When it comes to traveling, Lee From America recommends employing intermittent fasting while on flights. Flying can make you feel tired, bloated, or gassy; it can even cause your feet to swell. But according to Lee, if you fast on your flight, IF can alleviate a lot of these flying side effects. Read all about her personal experience with fasting while flying here.

    Pack All The Snacks

    If intermittent fasting isn’t for you, pack your own mini-meals that way you’re not tempted by the sugary sweetness lurking around every corner in the airport {or in town}. Trail mix, almonds, freeze-dried fruit, jerky, rice crackers, power bars, granola, popcorn are all snack options that Dana highly recommends.

    “It’s all about convenience when you’re on the road or in the air,” Dana says. “After choosing your snacks {go for high-protein options to better sustain your energy} and drinks {AKA personal jet fuel}, you’ll want to make sure the bags you’re traveling with are packed so your snacks can be easily accessed. Consider what type of snacking containers and baggies you’ll pack your food in, too. If you pack granola bars, for example, you’ll want to keep them tucked in a designated snack bag so one doesn’t slip to the bottom of your backpack or luggage.”

    Find the Local Spots

    Excessively eating out so is one of the biggest pits people fall into while traveling {which thwarts any healthy eating plans, too}.

    “Don’t overdo it when eating out,” Dana suggests.”It’s super easy to eat mindlessly and indulge in foods and drinks in a way you normally wouldn’t during the regular day-to-day. A good rule of thumb is to be a bit more restrictive during the day by eating lighter around breakfast and lunch. Dinners tend to be the meal that calories can really bulk up, especially when drinks {even soda!} are involved.”

    “By being extra mindful during the day, your body will be thanking you for not overloading constantly and using your vacation as an excuse to do so!” she adds.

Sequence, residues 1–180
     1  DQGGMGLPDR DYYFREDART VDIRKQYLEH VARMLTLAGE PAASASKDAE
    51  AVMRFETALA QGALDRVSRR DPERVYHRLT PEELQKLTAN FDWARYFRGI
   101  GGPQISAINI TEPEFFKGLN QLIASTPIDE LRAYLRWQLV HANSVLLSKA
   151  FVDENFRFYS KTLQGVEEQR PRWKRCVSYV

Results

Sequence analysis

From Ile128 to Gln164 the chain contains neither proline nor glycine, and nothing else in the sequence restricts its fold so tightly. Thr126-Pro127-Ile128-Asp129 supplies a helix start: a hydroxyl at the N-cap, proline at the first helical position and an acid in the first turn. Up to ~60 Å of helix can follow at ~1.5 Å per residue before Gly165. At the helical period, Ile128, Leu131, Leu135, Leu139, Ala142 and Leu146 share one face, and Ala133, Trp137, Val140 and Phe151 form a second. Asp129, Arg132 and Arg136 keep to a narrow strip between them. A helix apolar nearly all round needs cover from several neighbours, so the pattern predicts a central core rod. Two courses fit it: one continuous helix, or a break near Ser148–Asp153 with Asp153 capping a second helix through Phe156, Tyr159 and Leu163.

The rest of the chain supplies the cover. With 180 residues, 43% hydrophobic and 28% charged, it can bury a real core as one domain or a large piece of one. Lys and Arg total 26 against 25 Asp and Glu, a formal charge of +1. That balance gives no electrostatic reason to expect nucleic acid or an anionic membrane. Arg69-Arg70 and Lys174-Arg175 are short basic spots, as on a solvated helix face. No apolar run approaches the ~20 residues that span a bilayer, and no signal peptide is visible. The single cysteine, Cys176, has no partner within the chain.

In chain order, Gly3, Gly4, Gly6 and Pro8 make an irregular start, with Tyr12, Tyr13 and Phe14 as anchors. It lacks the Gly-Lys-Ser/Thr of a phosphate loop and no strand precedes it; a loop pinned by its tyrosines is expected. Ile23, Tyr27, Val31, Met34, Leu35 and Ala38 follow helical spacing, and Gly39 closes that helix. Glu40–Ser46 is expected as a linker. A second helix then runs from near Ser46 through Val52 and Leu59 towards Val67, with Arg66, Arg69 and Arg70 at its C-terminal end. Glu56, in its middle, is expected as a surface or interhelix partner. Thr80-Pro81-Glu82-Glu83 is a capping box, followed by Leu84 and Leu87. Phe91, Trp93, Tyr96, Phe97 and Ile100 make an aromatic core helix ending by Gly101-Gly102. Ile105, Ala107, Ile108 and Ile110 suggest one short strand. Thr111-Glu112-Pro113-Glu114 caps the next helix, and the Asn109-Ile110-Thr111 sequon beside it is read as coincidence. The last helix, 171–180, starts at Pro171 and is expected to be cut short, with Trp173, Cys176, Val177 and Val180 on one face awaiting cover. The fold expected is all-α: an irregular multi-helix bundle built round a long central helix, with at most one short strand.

Nootrix is an app that uses location to find nearby local farmers’ markets. It’s a great asset in supporting locally-grown foods and farmers and it proved essential to me finding fresh ingredients for any at-home meals.

    beach food travel

    Eat locally when you can. Are strawberries in-season where you are? Great! Get ’em!

    Book a Room With a Kitchenette

    Eating out while traveling is definitely a great way to experience a new place + get to know the culture. It’s fun to go to restaurants and eat like the locals, trying out new cuisines. It’s also fun, healthy, and oftentimes cheaper to cook some meals at “home” if that’s an option for you.

    Read More: 8 Healthy Meal Delivery Services in Hoboken + Jersey City

    For some, going out to eat so frequently to eat can grow tiresome real quick, especially because when we’re not making healthiest decisions due to being in a new environment {beer, donuts, Bavarian pretzels, oh my!}. Grocery shopping locally and discovering local farmers’ markets can be a fun way to get to know a new city and stay on track with eating healthy.

    How do you stay healthy while traveling? Tell us in the comments below!


    Written by:

    Steph Osmanski is a freelance writer who specializes in sustainability and health and wellness content. She is currently pursuing an MFA in Creative Writing at Stony Brook Southampton.